If cities want to build flashy new transit projects, like streetcars or subways, they can apply for a piece of the Federal Transit Administration’s $1.9 billion New Starts grant funding. But if they want to upgrade existing lines, they have to pay out of their own pockets — at least, until now.
The Moving Ahead for Progress in the 21st Century Act, or MAP-21 for short, was signed into law in July 2012 and created a new category under the New Starts program, which funds both rail and bus rapid transit lines, called “core capacity.” This refers to projects that significantly boost capacity on existing transit lines without substantial new infrastructure.
Specifically, eligible projects must boost capacity by at least 10 percent for lines that are either already at capacity or will be within five years. The money cannot go toward “state of good repair elements” that seek simply to maintain existing infrastructure.
The core capacity grants had been delayed a few years since the bill’s passage while the FTA worked out rules for the program. But according to Sen. Dick Durban (D-Ill.), the FTA has granted approval to the Chicago Transit Authority to apply for core capacity funding for its $2-4 billion project to rehabilitate the Red and Purple Line viaduct north of the Loop, from the Belmont station up through Evanston.
“That doesn’t guarantee funding under the ‘new starts’ grant program,” the Chicago Tribune reports, “but the transit administration allowed the CTA to apply because the Red-Purple Modernization project will add much-needed capacity and deliver more reliable service to the most heavily traveled CTA rail line.” The project is the first that the FTA has approved under the core capacity criteria.
On Twitter, blogger and Chicagoland transit planner Yonah Freemark suggested that New York City’s Metropolitan Transportation Authority should apply for funding to install communications-based train control, or signaling that allows existing lines to run more trains per hour, on the crowded Lexington and Seventh Avenue subway lines.
While the MTA hasn’t released any specifics on what better signaling on those lines could mean, past New York-area installations have yielded significant capacity boosts, many in excess of the 10 percent minimum to qualify for the core capacity grants.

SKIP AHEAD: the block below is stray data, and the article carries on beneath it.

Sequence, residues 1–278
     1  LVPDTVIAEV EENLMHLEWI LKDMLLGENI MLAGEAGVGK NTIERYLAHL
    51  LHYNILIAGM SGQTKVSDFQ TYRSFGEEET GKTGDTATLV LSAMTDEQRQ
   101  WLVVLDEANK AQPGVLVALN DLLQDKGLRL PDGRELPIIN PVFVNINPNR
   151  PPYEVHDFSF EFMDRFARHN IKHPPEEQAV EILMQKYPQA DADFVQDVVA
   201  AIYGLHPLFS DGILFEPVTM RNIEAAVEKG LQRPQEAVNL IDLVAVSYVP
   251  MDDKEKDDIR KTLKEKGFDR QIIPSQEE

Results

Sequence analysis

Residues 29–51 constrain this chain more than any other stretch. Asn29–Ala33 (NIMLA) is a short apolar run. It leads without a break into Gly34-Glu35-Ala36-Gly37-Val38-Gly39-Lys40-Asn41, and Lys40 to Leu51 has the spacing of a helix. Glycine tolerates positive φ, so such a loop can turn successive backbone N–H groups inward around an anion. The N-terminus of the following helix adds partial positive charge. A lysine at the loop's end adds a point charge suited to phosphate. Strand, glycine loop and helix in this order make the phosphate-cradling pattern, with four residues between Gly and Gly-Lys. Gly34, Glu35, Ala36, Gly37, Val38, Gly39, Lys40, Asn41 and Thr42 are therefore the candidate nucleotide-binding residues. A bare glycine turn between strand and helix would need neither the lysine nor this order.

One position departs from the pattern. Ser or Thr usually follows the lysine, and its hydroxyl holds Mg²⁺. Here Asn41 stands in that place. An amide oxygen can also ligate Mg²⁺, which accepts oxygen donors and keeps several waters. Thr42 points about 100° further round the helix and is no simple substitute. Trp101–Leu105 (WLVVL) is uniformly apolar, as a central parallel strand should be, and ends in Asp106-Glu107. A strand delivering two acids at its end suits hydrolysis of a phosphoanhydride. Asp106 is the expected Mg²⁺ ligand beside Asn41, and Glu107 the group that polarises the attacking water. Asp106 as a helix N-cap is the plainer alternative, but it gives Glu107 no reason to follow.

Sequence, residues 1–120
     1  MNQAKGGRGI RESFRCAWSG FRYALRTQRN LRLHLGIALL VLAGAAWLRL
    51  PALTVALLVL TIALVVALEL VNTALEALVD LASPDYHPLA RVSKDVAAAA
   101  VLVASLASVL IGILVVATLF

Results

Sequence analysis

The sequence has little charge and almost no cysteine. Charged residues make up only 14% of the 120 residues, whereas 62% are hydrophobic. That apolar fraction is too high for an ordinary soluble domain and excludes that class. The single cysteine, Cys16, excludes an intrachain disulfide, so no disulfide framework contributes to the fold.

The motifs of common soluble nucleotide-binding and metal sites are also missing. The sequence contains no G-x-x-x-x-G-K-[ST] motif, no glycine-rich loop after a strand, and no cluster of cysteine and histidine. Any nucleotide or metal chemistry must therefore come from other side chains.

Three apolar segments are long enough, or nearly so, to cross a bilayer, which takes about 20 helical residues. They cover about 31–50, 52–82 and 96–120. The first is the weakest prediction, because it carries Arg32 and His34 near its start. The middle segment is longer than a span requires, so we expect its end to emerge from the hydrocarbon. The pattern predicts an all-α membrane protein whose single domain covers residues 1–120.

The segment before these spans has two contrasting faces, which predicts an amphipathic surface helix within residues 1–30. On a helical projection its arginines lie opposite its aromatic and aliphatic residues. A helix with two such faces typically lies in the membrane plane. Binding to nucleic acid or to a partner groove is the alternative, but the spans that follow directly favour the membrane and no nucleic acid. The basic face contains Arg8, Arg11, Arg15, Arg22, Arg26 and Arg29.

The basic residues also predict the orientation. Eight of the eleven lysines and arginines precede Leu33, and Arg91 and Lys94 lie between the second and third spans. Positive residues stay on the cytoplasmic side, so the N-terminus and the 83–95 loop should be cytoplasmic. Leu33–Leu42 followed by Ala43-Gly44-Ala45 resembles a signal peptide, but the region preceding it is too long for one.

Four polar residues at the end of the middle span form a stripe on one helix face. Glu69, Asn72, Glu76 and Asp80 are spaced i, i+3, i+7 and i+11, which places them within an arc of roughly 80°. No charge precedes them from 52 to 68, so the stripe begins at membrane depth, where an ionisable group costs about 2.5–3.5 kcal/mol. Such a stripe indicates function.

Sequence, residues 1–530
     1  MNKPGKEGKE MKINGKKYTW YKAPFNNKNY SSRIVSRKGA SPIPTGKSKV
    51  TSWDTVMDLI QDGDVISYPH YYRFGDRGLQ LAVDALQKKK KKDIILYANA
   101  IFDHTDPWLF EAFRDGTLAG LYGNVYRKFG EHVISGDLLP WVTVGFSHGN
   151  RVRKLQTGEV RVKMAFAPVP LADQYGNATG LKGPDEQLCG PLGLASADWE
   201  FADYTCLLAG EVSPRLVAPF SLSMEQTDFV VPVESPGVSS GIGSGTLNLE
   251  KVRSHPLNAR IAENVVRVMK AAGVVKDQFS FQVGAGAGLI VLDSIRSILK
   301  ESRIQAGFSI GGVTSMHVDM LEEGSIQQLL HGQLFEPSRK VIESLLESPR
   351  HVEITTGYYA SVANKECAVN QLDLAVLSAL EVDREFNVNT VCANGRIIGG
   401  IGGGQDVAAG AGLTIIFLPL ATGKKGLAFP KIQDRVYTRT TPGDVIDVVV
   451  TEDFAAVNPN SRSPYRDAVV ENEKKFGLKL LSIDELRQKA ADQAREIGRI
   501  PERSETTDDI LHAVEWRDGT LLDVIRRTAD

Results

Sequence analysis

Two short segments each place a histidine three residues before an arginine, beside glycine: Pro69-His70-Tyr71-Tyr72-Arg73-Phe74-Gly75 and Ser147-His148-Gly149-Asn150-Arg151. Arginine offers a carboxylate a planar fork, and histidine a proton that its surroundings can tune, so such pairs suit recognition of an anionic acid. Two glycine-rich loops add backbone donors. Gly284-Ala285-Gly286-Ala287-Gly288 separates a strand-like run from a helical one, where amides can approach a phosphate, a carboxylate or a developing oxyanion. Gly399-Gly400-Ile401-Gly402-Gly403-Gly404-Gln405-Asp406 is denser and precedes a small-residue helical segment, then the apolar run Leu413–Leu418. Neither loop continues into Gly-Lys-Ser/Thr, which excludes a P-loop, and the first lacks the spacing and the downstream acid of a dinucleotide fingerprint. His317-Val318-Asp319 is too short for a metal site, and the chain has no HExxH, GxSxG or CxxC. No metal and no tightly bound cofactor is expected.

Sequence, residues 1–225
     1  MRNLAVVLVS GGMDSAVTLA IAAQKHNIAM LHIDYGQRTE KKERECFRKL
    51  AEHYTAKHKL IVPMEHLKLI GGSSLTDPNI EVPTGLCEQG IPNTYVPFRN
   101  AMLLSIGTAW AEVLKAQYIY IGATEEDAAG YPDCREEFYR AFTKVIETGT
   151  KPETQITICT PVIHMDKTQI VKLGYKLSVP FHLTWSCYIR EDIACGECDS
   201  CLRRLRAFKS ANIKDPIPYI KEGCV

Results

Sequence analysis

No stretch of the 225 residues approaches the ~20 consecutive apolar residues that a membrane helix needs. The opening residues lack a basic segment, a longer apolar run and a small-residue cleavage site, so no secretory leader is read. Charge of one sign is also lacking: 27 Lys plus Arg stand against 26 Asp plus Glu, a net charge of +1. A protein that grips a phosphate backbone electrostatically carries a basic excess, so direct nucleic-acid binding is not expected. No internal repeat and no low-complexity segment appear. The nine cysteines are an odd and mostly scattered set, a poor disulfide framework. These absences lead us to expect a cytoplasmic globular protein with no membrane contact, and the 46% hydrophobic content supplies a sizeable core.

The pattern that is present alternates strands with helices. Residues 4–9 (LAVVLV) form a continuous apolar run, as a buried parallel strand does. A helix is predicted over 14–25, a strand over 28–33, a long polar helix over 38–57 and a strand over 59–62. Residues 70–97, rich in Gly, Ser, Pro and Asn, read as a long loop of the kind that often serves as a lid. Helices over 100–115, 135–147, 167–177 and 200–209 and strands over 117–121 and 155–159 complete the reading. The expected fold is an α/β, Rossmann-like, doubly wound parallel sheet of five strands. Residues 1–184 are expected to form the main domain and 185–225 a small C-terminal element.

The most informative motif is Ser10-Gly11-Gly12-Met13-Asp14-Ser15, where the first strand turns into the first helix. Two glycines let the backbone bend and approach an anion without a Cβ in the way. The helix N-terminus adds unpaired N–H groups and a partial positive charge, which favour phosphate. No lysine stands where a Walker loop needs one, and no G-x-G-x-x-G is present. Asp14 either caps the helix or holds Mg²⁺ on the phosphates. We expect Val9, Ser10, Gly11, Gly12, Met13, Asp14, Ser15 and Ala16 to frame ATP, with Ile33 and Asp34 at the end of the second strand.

When the MTA installed CBTC on the L train, which has seen massive ridership increases as the areas it traverses — the East Village, Williamsburg and Bushwick — have gained huge numbers of residents in recent decades, it boosted the number of trains per hour that can run on the line from 17 to anywhere between 20 and 26 (depending on what other relatively minor investments are made). That means capacity increases of 18 to 53 percent at peak periods.
Similarly, the PATH subway lines from New Jersey to Manhattan will get CBTC by 2017, at which point their capacity will expectedly rise from 240,000 to 290,000 passengers per day, or an increase of 21 percent.
These numbers illustrate that while capacity boosts may not sound as sexy as brand new lines, their impact can be massive — in many cases larger than newly built lines. On the PATH train, for example, an extra 50,000 daily riders is the equivalent of an entire subway line in some cities, never mind the lower-capacity streetcar, light rail and BRT systems that most New Starts grants fund.
The Works is made possible with the support of the Surdna Foundation.
Stephen J. Smith is a reporter based in New York. He has written about transportation, infrastructure and real estate for a variety of publications including New York Yimby, where he is currently an editor, Next City, City Lab and the New York Observer.